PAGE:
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  • Writer's pictureLauren Mitchell

Heritage Take Two (My Practical Ideas)

If you read my post on creating a Heritage for your children, I promised a practical follow up. This post is mostly ideas that have worked for my family. Hopefully some of them will speak to you or inspire you to start something entirely new. The bottom line is prayer. Prayer literally changes everything. If you don’t believe this, you really are not reading your Bible because it is filled with amazing documentation. It is one of the greatest gifts we can give our children because we can’t mess it up. Prayer goes straight to the throne room of God where we are assured that the Holy Spirit speaks for us. In fact, “we do not know what to pray for, but the Spirit himself intercedes for us” (Romans 8:26). God is in the business of taking our imperfect and creating perfection, even our prayers.

Before you start reading my ideas, let me say this to your heart. Anything you start will be overwhelming. It will require practice. It will not be perfect, not your first time around or your last, because, well, we aren’t perfect. So get that out of the way before you start. The key isn’t perfection; the key is persistence.

Here are some of the things I do to create a Heritage of Faith in our home. Number one, we trade rushed and repetitive night-time prayers for purposeful ones. There is a danger in anything that we repeatedly do for it to become a ritual without reaching our hearts. So, this is one way we try to combat that. We have a jar with Popsicle stick prayer requests, we all choose about 3 or 4 and we pray for those things. We can pray for anything additional we want, but this keeps us mindful of requests and answers. When a prayer is answered, we mark it on the Popsicle stick and it stays in rotation so we stay mindful of the ways God has answered our prayers. This ritual also keeps us from mindless repetition of bedtime prayers because it mixes up who prays for what. It kind of breathes life and attention into something that can become common place.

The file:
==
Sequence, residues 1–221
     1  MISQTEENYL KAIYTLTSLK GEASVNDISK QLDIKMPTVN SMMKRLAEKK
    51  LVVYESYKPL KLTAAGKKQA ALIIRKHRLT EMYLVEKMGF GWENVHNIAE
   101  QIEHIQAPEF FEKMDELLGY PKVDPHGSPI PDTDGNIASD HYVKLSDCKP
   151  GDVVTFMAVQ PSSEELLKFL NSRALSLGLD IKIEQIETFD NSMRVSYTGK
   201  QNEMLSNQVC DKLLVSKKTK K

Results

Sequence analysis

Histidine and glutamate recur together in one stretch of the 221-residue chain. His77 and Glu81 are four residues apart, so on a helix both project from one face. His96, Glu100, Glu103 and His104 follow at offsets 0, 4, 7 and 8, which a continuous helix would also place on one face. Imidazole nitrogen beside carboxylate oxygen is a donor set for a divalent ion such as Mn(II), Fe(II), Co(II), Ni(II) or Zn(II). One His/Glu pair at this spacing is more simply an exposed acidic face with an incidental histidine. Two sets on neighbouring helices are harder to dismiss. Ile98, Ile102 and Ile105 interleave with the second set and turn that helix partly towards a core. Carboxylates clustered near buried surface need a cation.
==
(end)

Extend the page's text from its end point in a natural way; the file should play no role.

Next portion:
If you don’t know what to pray, start with a fruit of the spirit to pray over each. We studied the fruits of the spirit together last summer, and we each chose at least one that we wanted to pray for ourselves (including parents). We wrote them on one of our prayer Popsicle sticks. It is so sweet to hear my children intercede for each other’s weakness, and just as sweet when they intercede for mine.

My second idea for you is to keep a prayer journal for just your children. I keep one for each child. I will not include a picture because you would not be impressed by how full they are. However, the point is that they hold individual things God has spoken to my heart for each child. It is something I will send with them when they start their own families (see that still gives me time to fill them). The point is that even if they aren’t full, you have a physical reminder of things God is doing in them. You may never give it to them, you may keep just one journal for all your kids, you may write it on index cards. However you do it, it will have an impact. A key is keeping your journal handy. I put mine beside my bed. I try, yes try, it doesn’t happen every night at all, but I try to purposefully pray for each child. It can be a verse that spoke to me that week or a verse or promise that I want to speak over their life. It might even be something I see them struggling with and want to get ahead of. An important part of this routine is that I pray over one child. I rotate their journals so they each get prayer, but I don’t overload myself by writing in each journal every night. Give yourself some grace here. There are weeks that nobody gets a prayer in their journal here at my house, but I will not quit.

I have also taken these same journals in the school pick up line. That way my time in line is spent and multiplied and I am pouring myself out for them for that 20 minutes instead of pouring myself over Instagram.

One last idea for today, a jar of blessings. This one is new, I just started it this year. It’s an easy way for us to keep thankfulness in our hearts and teach it to our children. I have a jar and a basket with blank slips of paper and a pen. Each month we fill the jar with things we are thankful for and ways we have seen God answer our prayers. Then, at the end of the month, during dinner, we dump them out and take turns reading each other’s. This can totally be done between bites and it inspires great dinner conversation. Tip: put chocolates out by the jar and encourage them to take a chocolate and write while they eat it! This is working too well for me; I may have gained 5 lbs since I started this. So pursue this one at your own risk.

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